Sam Mills' crunch-time defense vital in La Salle's narrow wins

Sam Mills' crunch-time defense vital in La Salle's narrow wins
March 25, 2013, 3:30 pm
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KANSAS CITY, Mo. – With 4:57 left and La Salle down by three, Explorers coach John Giannini called a timeout to go over defensive assignments.

Everybody knew Marshall Henderson would be the guy to take all the big shots down the stretch for Mississippi. Henderson, one of the leading scorers in Division-I at 20.1 points per game, had already taken 17 shots and scored 21 points, and with his unlimited range and ability to find open space coming off screens, Giannini knew where the ball was going to go with the game on the line.

Everybody knew.

Ramon Galloway had defended Henderson most of the game Sunday night at the Sprint Center in Kansas City, but with the NCAA West region quarterfinal game entering crunch time, with the season on the line, with a berth in the Sweet 16 on the line, Giannini wanted junior defensive specialist Sam Mills on Henderson.

It was Mills who two nights earlier had forced Kansas State guard Angel Rodriguez into a miss in the lane with La Salle nursing a two-point lead in the final seconds.

But this was Marshall Henderson, one of the most unique scorers in college basketball.

“Ramon really wanted to guard 22, Henderson,” Giannini said. “And all our guys are good defenders, that’s why we switch, that’s why we’ve had success.

“But what I told [Galloway] at the timeout was, ‘Let Sam guard him. This is why I recruited him. He’s tough. He’s a great defender. Let Sam win this game for us.’

“And when Ramon heard it that way it was like, ‘Of course. Sam can shut him down,’ and that’s how we all feel about him.”

You know what happened next.

Just like Friday night, Mills’ brilliant defense won an NCAA tournament game for the Explorers.

He made Henderson take a difficult, off-balance shot near the basket, and even though Henderson rebounded, there was no time left on the shot clock, and the violation gave La Salle the ball with 31 seconds left, setting up Tyrone Garland’s dramatic game-winner.

La Salle’s 74-72 win, its second two-point tournament win in three days, propelled the Explorers to their first Sweet 16 in 58 years. They’ll face Wichita State at about 10:17 p.m. Thursday at the Staples Center in Los Angeles.

La Salle, bidding to become the first 13-seed to reach the Elite Eight, is known for its high-powered offense, but all their guards can defend, and nobody is better than Mills.

“I knew Henderson down the stretch was going to try to make tough shots,” Mills said. “So I was just trying to zone in on him and just try to make each shot contested and try to make it hard for him.”

Henderson made only one basket in the game’s last nine minutes. Over the final 6½ minutes, he was 0-for-3 from the field with a turnover.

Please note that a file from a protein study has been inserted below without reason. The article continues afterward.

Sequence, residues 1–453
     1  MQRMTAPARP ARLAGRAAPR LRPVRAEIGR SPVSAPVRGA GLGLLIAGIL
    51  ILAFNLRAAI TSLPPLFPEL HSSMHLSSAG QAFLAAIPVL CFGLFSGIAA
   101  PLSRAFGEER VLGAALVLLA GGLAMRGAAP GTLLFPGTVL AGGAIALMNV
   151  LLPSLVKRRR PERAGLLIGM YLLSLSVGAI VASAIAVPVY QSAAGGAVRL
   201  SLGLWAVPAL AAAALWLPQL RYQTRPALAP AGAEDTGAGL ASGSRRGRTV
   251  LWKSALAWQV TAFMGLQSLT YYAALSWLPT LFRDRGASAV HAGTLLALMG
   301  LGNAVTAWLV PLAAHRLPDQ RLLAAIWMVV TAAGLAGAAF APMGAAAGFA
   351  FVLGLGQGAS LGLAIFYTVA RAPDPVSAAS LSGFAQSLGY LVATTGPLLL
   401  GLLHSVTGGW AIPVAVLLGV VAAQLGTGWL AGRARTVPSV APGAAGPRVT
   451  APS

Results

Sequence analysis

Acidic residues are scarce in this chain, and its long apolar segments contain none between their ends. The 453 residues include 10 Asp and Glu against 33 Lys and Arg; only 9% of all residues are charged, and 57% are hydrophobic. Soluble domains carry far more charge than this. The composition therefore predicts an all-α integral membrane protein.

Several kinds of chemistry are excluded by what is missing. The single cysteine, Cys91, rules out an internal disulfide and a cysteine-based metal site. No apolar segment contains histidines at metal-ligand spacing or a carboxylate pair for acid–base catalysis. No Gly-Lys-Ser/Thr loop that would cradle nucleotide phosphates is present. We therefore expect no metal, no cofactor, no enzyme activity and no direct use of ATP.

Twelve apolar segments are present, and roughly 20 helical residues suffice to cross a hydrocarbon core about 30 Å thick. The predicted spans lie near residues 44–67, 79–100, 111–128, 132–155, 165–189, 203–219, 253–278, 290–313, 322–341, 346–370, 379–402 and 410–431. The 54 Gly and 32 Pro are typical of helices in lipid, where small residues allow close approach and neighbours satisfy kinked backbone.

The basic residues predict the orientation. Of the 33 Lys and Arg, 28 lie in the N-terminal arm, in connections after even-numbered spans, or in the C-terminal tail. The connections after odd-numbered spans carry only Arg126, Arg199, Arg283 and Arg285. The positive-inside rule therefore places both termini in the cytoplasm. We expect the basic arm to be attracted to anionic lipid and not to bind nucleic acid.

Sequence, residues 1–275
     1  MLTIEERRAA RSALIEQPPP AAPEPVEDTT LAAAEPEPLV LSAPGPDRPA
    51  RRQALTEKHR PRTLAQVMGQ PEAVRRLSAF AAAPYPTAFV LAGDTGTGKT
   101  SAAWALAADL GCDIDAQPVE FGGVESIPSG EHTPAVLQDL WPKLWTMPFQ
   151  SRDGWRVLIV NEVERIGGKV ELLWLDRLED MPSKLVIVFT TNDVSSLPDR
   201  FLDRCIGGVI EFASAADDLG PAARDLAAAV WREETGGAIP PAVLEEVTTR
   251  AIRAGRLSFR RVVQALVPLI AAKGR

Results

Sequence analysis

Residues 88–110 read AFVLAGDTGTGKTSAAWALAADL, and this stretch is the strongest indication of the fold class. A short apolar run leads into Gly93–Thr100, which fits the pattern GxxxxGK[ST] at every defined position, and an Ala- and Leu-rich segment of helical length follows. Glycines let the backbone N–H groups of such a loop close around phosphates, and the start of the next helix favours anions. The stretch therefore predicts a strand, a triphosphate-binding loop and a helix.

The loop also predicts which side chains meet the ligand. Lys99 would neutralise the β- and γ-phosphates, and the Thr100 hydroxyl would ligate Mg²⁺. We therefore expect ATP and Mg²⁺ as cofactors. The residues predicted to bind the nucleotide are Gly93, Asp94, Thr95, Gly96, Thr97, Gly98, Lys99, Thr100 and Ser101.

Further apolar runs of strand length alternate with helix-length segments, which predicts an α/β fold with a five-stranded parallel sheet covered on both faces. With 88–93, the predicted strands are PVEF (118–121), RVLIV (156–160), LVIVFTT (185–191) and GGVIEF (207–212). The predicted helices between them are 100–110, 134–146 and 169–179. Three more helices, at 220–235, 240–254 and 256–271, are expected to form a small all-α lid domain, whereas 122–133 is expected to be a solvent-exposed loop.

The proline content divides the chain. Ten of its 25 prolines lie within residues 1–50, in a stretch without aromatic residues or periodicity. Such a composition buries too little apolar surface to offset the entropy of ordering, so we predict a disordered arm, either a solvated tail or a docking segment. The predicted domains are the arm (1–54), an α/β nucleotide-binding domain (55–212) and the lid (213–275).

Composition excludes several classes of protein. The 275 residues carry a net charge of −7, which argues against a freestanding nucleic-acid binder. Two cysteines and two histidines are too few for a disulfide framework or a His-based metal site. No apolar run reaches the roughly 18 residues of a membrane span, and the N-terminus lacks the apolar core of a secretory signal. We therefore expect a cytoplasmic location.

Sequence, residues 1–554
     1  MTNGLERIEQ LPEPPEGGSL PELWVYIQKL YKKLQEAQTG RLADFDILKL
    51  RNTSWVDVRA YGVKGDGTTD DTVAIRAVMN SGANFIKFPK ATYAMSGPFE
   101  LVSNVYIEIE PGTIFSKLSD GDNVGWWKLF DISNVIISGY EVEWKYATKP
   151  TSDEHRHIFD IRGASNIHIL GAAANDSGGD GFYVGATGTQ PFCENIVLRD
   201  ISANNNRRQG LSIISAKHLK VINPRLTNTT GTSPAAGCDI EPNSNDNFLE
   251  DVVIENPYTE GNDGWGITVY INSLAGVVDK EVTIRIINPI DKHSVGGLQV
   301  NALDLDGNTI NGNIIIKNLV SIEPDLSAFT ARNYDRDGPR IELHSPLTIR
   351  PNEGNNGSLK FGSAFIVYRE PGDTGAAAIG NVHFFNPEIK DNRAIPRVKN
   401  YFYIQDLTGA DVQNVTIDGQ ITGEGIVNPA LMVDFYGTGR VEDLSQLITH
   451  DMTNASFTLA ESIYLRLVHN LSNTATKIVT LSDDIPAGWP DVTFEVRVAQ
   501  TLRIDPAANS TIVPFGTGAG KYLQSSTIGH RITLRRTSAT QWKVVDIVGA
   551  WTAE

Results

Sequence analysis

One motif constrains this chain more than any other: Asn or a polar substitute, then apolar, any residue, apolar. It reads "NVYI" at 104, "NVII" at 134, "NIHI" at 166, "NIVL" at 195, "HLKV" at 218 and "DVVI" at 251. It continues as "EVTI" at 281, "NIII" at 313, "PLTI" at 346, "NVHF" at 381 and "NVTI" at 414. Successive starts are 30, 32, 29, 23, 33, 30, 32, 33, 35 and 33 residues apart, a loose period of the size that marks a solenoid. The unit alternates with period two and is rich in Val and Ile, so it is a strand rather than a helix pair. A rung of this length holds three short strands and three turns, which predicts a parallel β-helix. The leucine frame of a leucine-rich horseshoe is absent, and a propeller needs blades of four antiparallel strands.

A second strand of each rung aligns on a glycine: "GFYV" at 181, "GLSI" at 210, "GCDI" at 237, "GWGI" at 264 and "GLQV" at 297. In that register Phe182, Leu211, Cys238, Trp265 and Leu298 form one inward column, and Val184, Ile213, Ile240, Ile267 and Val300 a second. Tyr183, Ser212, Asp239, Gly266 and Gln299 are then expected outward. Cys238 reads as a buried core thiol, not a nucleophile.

Not surprisingly, Henderson wasn’t in the mood to credit Mills for his defense on Mississippi’s final possession.

“He fouled me,” Henderson said in the Ole Miss locker room. “The ref told me he fouled me. He told me he’s not going to call a foul with a second left on the shot clock. I told him that’s B.S. I don’t care if there is one-10th of a second left on it, you’ve got to call that foul, especially when you tell me it’s a foul. He took off my whole left arm.”

What Henderson saw as a foul La Salle saw as great defense.

“He gave Sam the defensive assignment to lock him down [and] everybody has great confidence in Sam,” Galloway said. “At the end of the game, Sam made every shot for him tough. Without Sam playing that great defense, we wouldn’t have won that game.”

Mills isn’t a bad offensive player. He scored 10 big points in the Kansas State game and added eight Sunday against Mississippi, including one of La Salle’s biggest baskets – a deep left-wing three with 4:01 left after Ole Miss had opened up an ominous five-point lead.

But it’s defense that makes him a great player.

“I take defense very, very seriously,” Mills said in the jubilant La Salle locker room late Sunday night. “Defense has always been my thing. Offense comes and goes each game, so I try to zone in on defense.

“I try to focus on the little things I can do for my team. It doesn’t matter if I score or not. I just want to be out there and do the little things to help us win. I don’t care how many points I score.”

Henderson didn’t shoot well in the NCAA tournament, making just 14 of 42 shots and seven of 27 from three.

But he’s obviously dangerous. And shutting him down in the closing minutes was the key to La Salle moving on.

“He moves without the ball as well as anyone anywhere,” Giannini said. “Henderson [is] harder to guard before he gets the ball than after.

“They run that offense through him. You see they have those 6-9, 260-pound huge individuals screening for him on both sides, and he puts his head under that basket and he’ll swing this way, and if you cut him off he’ll go the other way and it’s really hard to be there on the catch against him, because they’re screening for him, and he’s sprinting a million miles an hour and he’s good at reading it -- which way you’re leaning and maybe nudging you and coming off the opposite way.

“So what Sam did was big time. He was terrific.”

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